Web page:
Doctors have had the luxury of being late for office appointments. However, with a virtual visit, your patients are expecting you to be on time. Many of your patients are working remotely and have other calls and meetings to attend or your patients are helping their children with online school assignments, so it is imperative that you be on time for the telemedicine visit. One of the benefits of telemedicine for your patients is that a virtual visit saves patients the time otherwise spent in waiting rooms. Therefore, it is not acceptable for the doctor to keep them waiting at their computers. Many of the telemedicine programs have a notification system set up that will let the doctor know when a patient is available as well as let the patient know when the doctor is ready for the visit. I suggest you consult with the vendor of your telemedicine program to be sure this feature is on your system.

Just like in any other medical visit, ensure that you read your patient’s complaints and charts before the virtual appointment. Familiarizing yourself with your patient’s information will make the visit easier and more productive for both parties. This also allows you to look at the camera and not looking at charts or other papers on your desk.

Look at the cam

Always maintain eye contact with the patients by looking straight into the webcam instead of their onscreen faces. One suggestion I heard that I haven’t tried but would consider is to attach googly eyes by their webcam to simulate eye contact!  Also, listen carefully to hear what they have to say and nod to indicate that you are actively listening to the patient.

Give your visit your undivided attention. That means no emails or other forms of multitasking. Do not eat or drink coffee during the visit. Do not yawn or show any other signs of boredom. If you must excuse yourself from the visit, ask the patient for permission to leave, before logging off the call, announce when you anticipate that you will connect again with the patient. This avoids patients waiting by their computer until you return.

As with any face-to-face visit, conclude by asking the patient if all their questions have been answered. In the past, we referred to the situation as the “doorknob phenomenon” where the doctor believes the visit has concluded, closes the chart or the EMR, puts his or her hand on the door, and the patient says, “Wait, there’s one more question I would like to ask.” You can avoid that situation by making sure all their questions have been answered before terminating the visit. Make time to answer any final questions and clarify instructions before saying good-bye.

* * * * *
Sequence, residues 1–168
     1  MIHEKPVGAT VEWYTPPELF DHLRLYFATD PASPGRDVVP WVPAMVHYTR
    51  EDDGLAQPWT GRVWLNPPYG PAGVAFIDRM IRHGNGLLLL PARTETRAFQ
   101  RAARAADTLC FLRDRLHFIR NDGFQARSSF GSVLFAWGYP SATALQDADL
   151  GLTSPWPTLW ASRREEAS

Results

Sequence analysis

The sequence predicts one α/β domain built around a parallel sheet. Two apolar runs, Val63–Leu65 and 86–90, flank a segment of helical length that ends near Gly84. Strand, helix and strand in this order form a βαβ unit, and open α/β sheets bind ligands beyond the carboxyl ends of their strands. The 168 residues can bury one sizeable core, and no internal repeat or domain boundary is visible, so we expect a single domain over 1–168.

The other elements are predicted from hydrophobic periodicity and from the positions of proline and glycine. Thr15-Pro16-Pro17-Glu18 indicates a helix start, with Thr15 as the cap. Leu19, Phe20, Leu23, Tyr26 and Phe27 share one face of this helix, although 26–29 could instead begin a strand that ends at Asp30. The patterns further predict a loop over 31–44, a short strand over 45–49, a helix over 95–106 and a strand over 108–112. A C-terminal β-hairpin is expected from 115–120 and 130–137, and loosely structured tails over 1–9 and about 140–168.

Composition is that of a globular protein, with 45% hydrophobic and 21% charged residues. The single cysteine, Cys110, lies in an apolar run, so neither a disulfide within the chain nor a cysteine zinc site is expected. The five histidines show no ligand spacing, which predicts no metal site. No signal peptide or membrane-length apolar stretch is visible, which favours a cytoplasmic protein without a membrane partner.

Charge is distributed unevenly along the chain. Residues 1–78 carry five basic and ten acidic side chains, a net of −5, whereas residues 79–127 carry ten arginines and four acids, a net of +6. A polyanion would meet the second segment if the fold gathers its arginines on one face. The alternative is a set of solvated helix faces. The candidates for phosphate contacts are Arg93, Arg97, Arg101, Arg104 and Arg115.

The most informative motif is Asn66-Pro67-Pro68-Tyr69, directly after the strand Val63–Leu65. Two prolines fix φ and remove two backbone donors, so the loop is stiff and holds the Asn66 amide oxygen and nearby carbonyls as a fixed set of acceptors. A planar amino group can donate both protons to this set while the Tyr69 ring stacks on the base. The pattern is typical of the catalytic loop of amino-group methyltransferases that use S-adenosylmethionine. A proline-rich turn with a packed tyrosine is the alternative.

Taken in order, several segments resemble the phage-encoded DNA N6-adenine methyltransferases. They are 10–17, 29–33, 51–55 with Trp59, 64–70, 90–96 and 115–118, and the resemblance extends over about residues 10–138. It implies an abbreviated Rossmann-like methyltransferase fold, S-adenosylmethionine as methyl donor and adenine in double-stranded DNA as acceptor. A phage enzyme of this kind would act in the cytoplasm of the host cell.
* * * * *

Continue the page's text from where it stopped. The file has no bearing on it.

That final question

Finally, after answering all of their questions, be certain they understand your recommendations, know about their medications, and when to schedule the next virtual visit. Also, if appropriate and the patient needs to make an in-office visit, make the connection to the scheduling desk so the request and the patient don’t “fall through the cracks”. If there is a consent to sign, instructions to follow, prescriptions to fill, or educational for the patient, indicate if they want to receive it via FAX, email, or postal service (there’s that ‘ol oxymoron!).

Ask for feedback at the end of the virtual visit in order to improve your next appointment.

Bottom Line: At this time there are no golden rules that physicians can follow to make their virtual visits successful. However, you can demonstrate empathy and caring even if you can’t touch the patient. Perhaps a few of these suggestions will help you improve your connectivity using virtual healthcare. If you have any ideas to enhance the virtual visit, please let me hear from you. (